A Certain Rich Man (1909). By: William Allen White: (Original Classics)

A Certain Rich Man (1909). By: William Allen White: (Original Classics)

by William Allen White


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This work may be safely acclaimed as an American novel which takes front rank among the best fiction not only of modern days but of all times. Amid vivid pictures of the growth of the great Middle West, William Allen White, the distinguished journalist and author of numerous widely known short stories, gives us the absorbing career of a remarkable moneymaker and his associates. The realism of it, the verisimilitude of his men and women, the accuracy of his description of the conditions that surrounded and moulded them, no experienced observer of American life will attempt to deny. Unaffected by any foreign influence, writing in a simple and straightforward fashion of matters of which he is thoroughly familiar, Mr. White has made "A Certain Rich Man" throb with the vital spirit, good and bad, of America.
William Allen White (February 10, 1868 - January 29, 1944) was a renowned American newspaper editor, politician, author, and leader of the Progressive movement. Between 1896 and his death, White became the iconic spokesman for middle America.
*Early life*
Born in Emporia, Kansas, White moved to El Dorado, Kansas, with his parents, Allen and Mary Ann Hatten White, where he spent the majority of his childhood. He loved animals and reading various books.He attended the College of Emporia and the University of Kansas, and in 1892 started work at The Kansas City Star as an editorial writer.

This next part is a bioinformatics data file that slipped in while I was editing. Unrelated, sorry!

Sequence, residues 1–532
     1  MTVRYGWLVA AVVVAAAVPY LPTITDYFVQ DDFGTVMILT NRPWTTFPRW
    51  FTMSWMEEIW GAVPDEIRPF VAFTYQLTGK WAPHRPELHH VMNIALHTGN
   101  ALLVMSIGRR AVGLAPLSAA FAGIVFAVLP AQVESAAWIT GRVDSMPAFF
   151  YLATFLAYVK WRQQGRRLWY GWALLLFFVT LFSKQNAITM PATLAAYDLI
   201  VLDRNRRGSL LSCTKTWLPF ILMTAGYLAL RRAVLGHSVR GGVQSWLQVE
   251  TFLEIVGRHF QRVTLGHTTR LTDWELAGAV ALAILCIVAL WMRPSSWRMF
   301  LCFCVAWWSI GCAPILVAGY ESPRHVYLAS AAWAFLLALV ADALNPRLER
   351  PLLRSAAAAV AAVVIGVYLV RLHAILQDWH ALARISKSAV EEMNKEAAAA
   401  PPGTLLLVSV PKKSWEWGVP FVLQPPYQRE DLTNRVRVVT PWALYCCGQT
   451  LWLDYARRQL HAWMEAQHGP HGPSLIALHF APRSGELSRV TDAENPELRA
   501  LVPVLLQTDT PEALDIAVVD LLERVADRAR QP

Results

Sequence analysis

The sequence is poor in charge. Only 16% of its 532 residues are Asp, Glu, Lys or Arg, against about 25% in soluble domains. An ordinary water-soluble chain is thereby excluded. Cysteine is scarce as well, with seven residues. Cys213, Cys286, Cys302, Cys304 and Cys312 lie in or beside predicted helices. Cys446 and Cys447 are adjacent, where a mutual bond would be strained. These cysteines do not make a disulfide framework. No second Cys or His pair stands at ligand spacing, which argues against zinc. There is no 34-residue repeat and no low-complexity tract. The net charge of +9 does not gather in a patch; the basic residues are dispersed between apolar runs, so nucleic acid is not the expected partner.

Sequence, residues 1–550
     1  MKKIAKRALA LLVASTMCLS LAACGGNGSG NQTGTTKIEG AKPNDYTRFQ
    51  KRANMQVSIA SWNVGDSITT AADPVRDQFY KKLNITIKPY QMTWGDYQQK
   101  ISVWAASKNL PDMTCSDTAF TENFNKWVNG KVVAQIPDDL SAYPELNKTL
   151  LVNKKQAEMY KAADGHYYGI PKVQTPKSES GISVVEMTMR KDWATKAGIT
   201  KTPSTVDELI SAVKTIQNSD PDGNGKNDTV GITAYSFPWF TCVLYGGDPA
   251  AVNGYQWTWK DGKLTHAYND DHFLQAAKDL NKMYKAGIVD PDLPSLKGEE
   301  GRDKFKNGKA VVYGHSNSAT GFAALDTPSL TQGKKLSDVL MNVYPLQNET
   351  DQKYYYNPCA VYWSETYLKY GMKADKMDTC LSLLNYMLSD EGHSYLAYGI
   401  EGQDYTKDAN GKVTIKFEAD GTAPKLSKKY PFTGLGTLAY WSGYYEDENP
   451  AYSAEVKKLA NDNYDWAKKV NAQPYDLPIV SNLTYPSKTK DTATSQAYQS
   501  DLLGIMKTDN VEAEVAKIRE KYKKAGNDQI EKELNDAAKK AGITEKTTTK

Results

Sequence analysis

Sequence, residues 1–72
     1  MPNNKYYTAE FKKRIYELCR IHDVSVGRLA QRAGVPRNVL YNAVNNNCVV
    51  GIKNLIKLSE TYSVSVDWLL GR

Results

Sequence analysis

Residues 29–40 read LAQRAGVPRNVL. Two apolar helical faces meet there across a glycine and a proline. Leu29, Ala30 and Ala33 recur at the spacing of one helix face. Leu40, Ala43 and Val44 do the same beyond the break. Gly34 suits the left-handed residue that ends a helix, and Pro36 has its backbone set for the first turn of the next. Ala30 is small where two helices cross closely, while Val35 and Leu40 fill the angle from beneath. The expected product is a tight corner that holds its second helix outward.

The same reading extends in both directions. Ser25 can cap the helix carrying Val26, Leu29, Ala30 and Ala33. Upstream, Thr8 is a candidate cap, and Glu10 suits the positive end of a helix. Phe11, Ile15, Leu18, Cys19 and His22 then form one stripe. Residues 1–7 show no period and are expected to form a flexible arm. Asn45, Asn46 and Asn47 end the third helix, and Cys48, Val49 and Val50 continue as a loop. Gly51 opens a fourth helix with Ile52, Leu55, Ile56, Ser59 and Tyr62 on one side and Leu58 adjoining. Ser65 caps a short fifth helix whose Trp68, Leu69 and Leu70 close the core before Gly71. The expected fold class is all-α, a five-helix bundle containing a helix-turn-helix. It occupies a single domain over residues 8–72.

White married Sallie Lindsay in 1893. They had two children, William Lindsay, born in 1900, and Mary Katherine, born in 1904. Mary died in a 1921 horse-riding accident, prompting her father to write a famous eulogy, "Mary White," on August 17, 1921.White visited six of the seven continents at least once in his long life. Due to his fame and success, he received 10 honorary degrees from universities, including one from Harvard.
White taught his son William L. the importance of journalism, and after his death, William L. took charge of the Gazette and continued its local success. William L.'s wife, Kathrine, ran it after he died. Their daughter, Barbara, and her husband, David Walker, took it over much as William had earlier, and today the paper remains family-run, currently headed by WAW's great-grandson, Christopher White Walker.
White developed a friendship with President Theodore Roosevelt in the 1890s that lasted until Roosevelt's death in 1919. Roosevelt spent several nights at White's Wight and Wight-designed home, Red Rocks, during trips across the United States.White was to say later, "Roosevelt bit me and I went mad."Later, White supported much of the New Deal, but voted against Franklin D. Roosevelt every time.

Product Details

ISBN-13: 9781537665221
Publisher: CreateSpace Publishing
Publication date: 09/14/2016
Pages: 226
Product dimensions: 7.99(w) x 10.00(h) x 0.48(d)

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